EMA launches public consultation on draft Guideline concerning the development of GTMPs
The draft Guideline is intended to offer advice on the development and evaluation of gene therapy medicinal products that are submitted for marketing authorisation in the European Union (“EU”). In accordance with Article 2(a) of Regulation (EC) No 1394/2007 it is recalled that an advanced therapy medicinal product may be based on a gene therapy medicinal product. The draft Guideline focuses on issues related to gene therapy medicinal products (“GTMP”) containing (i) recombinant nucleic acid sequences (e.g. DNA vectors); and (ii) genetically modified micro-organisms. GTMP containing genetically modified cells are excluded from the scope of the draft Guideline. However, vectors used in the modification of genetically modified cells are included. The below mentioned information contains certain pertinent requirements and recommendations, which, if the draft Guideline is adopted in its current form, must be taken into account by applicants.
The draft Guideline identifies certain potential barriers to the development of successful gene therapies that could be encountered by applicants. This consideration must be taken into account in the context of the design of the GMTP:
- The genetic material of the medicinal substance must be characterised as thoroughly as possible before analysis and use;
- The potential likelihood of cross-contamination during construction and recombination with endogenous sequences in the cell substrate used during construction or in production must be evaluated;
- Data on the control and stability of the vector and the therapeutic sequence(s) during development and in production must be provided;
- Evidence must be supplied to demonstrate that the correct sequence has been made and that this has been stably maintained during amplification;
- Cells used in the amplification of the genetic material must be characterised in accordance with the draft Guideline;
- Details of the construction of any packaging/producer cell line or helper virus must be provided.
The draft Guideline also provides examples of tests that must be conducted on different types of starting material. The following elements must be provided:
(i) description (including source);
(ii) characteristics; and
(iii) testing of all the materials used during the manufacturing process.
Characterisation studies must be conducted throughout the development process. Characterisation of the vector must include all components, in particular, those present in the final product to be administered. The intended action and potential impurities must be demonstrated in the development phase. The specific properties to which the specification must reflect are also defined in the draft Guideline.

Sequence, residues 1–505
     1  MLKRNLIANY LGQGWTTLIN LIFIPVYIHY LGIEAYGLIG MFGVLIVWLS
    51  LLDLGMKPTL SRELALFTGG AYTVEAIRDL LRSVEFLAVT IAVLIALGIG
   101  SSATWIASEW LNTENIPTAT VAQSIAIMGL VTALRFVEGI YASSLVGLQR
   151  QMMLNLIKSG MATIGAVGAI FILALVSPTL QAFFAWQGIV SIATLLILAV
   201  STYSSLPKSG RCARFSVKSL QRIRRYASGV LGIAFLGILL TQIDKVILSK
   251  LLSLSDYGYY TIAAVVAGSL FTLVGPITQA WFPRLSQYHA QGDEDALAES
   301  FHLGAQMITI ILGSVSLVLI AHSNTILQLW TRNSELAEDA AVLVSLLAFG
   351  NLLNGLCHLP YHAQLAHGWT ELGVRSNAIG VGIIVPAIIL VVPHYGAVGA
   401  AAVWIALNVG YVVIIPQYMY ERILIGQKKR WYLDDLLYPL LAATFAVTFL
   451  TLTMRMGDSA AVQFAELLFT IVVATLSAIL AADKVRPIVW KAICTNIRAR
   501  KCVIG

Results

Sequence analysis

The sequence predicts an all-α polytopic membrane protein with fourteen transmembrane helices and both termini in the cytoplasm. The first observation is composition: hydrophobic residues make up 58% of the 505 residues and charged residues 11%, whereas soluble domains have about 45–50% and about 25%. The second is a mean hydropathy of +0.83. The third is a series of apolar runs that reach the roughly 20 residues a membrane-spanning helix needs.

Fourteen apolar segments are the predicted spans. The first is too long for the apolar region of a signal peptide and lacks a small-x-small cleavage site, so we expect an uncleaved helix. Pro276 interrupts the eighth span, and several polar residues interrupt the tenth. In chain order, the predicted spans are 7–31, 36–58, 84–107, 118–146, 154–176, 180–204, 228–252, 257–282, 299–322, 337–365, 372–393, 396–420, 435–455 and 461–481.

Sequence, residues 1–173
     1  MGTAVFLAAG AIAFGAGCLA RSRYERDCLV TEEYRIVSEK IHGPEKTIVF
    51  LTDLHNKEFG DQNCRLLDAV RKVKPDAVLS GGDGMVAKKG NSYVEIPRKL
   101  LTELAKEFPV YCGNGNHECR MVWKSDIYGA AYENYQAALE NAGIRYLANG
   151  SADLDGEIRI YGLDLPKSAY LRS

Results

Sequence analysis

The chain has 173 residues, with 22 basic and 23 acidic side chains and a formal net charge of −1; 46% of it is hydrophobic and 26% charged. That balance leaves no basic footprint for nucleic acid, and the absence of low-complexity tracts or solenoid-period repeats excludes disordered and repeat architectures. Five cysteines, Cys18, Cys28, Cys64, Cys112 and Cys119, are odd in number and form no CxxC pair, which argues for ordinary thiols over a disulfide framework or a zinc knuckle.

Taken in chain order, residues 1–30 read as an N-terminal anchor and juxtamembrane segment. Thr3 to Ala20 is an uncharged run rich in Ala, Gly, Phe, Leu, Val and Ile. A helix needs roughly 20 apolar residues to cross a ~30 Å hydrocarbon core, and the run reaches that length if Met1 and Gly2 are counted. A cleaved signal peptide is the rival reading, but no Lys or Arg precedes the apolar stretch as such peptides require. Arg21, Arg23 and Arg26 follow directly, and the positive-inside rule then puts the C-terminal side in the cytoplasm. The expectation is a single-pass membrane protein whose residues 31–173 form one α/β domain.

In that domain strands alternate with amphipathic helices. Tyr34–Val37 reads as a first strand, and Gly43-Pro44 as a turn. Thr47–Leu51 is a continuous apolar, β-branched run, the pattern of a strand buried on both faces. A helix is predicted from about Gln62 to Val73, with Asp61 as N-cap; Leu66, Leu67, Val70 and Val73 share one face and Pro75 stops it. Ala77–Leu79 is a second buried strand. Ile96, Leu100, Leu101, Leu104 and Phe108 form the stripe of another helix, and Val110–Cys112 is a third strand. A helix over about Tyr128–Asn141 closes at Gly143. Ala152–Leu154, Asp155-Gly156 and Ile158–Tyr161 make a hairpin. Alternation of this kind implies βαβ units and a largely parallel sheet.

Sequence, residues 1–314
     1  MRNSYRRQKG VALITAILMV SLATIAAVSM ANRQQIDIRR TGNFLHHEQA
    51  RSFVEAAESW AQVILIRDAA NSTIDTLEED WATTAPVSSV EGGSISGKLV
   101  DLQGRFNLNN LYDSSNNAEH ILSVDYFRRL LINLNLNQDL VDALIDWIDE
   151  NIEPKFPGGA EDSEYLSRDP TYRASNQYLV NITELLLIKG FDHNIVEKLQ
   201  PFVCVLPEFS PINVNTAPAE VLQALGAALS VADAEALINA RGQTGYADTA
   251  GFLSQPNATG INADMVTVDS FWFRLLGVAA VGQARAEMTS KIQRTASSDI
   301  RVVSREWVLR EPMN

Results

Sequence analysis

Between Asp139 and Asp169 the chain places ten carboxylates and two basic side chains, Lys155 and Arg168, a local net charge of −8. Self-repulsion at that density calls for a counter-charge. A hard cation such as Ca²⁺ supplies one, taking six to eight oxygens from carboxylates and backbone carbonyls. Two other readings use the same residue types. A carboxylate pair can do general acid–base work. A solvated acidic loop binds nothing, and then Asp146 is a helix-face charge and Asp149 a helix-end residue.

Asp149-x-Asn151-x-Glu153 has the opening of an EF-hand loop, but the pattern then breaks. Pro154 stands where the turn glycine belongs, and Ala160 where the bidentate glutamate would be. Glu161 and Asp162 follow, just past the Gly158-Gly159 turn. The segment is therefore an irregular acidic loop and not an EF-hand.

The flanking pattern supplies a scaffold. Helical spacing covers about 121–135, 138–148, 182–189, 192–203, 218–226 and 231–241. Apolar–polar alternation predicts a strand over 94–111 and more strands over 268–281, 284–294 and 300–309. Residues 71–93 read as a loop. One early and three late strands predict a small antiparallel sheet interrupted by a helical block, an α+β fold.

A clear description of the manufacturing process and the in-process controls which the medicinal product has gone through must be submitted in support of an application for marketing authorisation. This must be presented in the format of a flow diagram. Characterisation and specification of the excipients (i.e. the complexing material(s) for formulating the medicinal products) are considered to be critical aspects of the CTD.
If GTMP are combined with a medical device at the level of the medicinal product, characterisation of the medicinal product must be provided.
The draft Guideline identifies certain release specifications that the finished medicinal product is expected to demonstrate.
Process development and process validation for the medicinal substance and the medicinal product could require the support of in vivo studies. In vivo studies could be considered necessary to demonstrate that process changes incurred do not affect the safety and efficacy profile of the product.
Details of the tests used for batch release must be provided, including analytical methods. Each reference material used in control tests much be described and demonstrated to be suitable for the intended purpose.
The draft Guideline also outlines the relevant stability studies that must support the medicinal substance and the medicinal product.